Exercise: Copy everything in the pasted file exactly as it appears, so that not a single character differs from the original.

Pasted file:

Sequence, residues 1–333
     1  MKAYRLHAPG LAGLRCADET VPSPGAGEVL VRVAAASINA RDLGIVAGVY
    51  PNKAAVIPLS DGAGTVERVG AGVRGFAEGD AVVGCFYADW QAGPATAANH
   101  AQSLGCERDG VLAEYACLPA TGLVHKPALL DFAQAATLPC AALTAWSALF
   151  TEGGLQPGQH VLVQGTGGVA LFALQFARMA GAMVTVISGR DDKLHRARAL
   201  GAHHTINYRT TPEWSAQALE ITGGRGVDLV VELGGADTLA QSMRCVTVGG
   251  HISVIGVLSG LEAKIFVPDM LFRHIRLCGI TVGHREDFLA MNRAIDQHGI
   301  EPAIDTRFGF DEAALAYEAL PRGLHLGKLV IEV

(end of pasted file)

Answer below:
Sequence, residues 1–333
     1  MKAYRLHAPG LAGLRCADET VPSPGAGEVL VRVAAASINA RDLGIVAGVY
    51  PNKAAVIPLS DGAGTVERVG AGVRGFAEGD AVVGCFYADW QAGPATAANH
   101  AQSLGCERDG VLAEYACLPA TGLVHKPALL DFAQAATLPC AALTAWSALF
   151  TEGGLQPGQH VLVQGTGGVA LFALQFARMA GAMVTVISGR DDKLHRARAL
   201  GAHHTINYRT TPEWSAQALE ITGGRGVDLV VELGGADTLA QSMRCVTVGG
   251  HISVIGVLSG LEAKIFVPDM LFRHIRLCGI TVGHREDFLA MNRAIDQHGI
   301  EPAIDTRFGF DEAALAYEAL PRGLHLGKLV IEV